Although he only has four fights at heavyweight, he is clearly one of the better fighters at the weight and is one of my personal favorites. He has evolved himself from a power puncher to a skilled fighter at heavyweight.
He already has a win over a good heavyweight in Chris Arreola, and is getting ready to make a run at Vitali Klitschko and his heavyweight title. Although he sits at No. 4, his chances of winning the title are slim.
He has a great chin, good speed at heavyweight, but his size and lack of power are going to be his undoing. He won’t lay down for anyone, but the Klitschkos are going to be just a little too much for the Polish Power.
No. 3: David Haye 24-1 (22 KO)
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Haye is yet another former cruiserweight titleholder to try his hand at the heavyweight limit, and has had a lot of success so far.
He has four wins at heavyweight. Although none are great wins, he has lifted the WBA title and defended it one time.
He prepares for yet another undeserving title defense, but has the talent to hang with almost anyone.
Outside of the Klitschkos, he is the best heavyweight in the world and has a great combination of speed and power. His size is the only thing that may limit him, but he isn’t that much smaller than other heavyweights.
Hopefully he will look to fight either Klitschko soon, and we will find out exactly how good he is.
1b. Vitali Klitschko 41-2 (38 KO)
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There is no number one and two between The Brothers K.
Both are unbeatable at this point, and haven’t been close to losing in a very long time.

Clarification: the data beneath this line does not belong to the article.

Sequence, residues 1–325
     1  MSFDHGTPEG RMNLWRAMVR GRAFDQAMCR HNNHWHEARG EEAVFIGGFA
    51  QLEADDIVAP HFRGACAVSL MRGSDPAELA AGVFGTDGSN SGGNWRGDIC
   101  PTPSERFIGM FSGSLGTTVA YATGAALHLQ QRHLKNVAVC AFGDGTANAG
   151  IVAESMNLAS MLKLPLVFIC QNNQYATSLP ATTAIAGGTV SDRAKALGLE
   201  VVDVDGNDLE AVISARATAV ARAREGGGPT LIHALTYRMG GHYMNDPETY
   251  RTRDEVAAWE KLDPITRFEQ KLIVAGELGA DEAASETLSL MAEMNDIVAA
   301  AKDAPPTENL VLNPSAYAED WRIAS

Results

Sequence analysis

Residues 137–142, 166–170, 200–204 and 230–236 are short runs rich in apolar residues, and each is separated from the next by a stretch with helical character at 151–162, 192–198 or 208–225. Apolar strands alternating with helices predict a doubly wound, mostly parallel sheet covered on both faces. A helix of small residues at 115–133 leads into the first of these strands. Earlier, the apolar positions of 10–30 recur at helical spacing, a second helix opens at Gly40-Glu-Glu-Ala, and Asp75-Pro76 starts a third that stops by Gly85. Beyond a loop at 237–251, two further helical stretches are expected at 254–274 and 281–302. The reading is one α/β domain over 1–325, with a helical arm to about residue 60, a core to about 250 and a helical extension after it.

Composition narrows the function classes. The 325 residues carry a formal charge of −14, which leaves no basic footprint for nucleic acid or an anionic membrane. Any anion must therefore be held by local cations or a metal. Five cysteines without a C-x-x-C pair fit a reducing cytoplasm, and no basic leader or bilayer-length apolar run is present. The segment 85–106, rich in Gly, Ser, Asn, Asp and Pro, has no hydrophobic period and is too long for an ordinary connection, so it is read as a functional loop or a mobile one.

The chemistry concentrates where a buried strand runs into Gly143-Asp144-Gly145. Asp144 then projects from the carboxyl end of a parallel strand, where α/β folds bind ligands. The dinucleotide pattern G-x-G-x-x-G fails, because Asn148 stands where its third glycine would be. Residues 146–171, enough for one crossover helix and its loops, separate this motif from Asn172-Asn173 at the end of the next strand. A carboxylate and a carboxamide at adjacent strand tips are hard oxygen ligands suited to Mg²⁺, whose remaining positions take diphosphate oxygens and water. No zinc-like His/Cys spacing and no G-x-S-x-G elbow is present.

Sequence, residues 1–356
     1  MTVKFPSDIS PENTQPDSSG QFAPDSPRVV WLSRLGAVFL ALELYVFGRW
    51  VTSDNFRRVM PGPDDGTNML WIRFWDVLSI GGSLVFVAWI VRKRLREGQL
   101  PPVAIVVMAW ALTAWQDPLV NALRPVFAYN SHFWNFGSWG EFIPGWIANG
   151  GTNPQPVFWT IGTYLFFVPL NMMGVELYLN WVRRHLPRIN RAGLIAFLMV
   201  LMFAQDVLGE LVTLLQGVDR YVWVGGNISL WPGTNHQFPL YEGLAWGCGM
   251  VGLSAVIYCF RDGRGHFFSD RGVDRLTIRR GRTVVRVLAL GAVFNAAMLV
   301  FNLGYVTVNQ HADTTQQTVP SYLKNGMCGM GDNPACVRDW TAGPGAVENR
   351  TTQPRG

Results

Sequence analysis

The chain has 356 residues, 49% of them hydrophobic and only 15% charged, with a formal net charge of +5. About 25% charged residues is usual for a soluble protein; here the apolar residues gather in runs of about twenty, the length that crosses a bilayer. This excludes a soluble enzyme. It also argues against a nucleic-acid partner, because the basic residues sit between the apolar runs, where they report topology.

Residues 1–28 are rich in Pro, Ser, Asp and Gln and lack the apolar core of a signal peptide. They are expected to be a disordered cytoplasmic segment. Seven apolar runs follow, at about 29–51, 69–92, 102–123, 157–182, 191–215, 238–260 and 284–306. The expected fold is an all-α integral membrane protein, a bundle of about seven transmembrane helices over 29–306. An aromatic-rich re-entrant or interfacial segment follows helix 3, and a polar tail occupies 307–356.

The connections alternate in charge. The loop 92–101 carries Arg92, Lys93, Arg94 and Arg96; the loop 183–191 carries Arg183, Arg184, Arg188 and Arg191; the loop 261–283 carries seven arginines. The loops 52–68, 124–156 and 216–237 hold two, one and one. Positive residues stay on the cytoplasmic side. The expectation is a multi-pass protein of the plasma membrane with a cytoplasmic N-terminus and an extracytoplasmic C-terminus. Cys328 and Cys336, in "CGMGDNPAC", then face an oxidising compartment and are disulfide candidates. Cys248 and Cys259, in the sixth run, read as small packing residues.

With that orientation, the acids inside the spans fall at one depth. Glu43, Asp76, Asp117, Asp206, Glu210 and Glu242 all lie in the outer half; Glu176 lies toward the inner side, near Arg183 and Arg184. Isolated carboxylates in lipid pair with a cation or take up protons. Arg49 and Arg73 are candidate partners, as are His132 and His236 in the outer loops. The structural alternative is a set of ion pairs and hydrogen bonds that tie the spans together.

Vitali falls as the 1b fighter, and after his beatdown of Shannon Briggs, some people may move him to the top spot. But I am not ready to do that.
He is still an amazing talent at 39, but he is going to slow down, and I saw signs of it in the Briggs fight. Although Briggs is one tough guy, the power on Vitali’s punches seems to be getting less and less.
It is a joy to watch Vitali, and if you don’t watch him, I suggest you pick up some DVD’s because you're missing a very special talent.
1a. Wladimir Klitschko 55-3 (49 KO)
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Wladimir is the best heavyweight in the world bar none.
And, if you ask me, is one of the best fighters pound for pound in the world.
He is also becoming one of the most avoided men in the world, as fighters aren’t exactly lining up for a shot at him and his plethora of titles.
His next defense is nothing to get excited about, but he was turned down by Povetkin. Haye talked a lot about wanting to fight him, but he has yet to get in the ring with him.
If Wladimir gets his chance against Haye, he will prove that he is an all-time great talent and the best heavyweight of his era.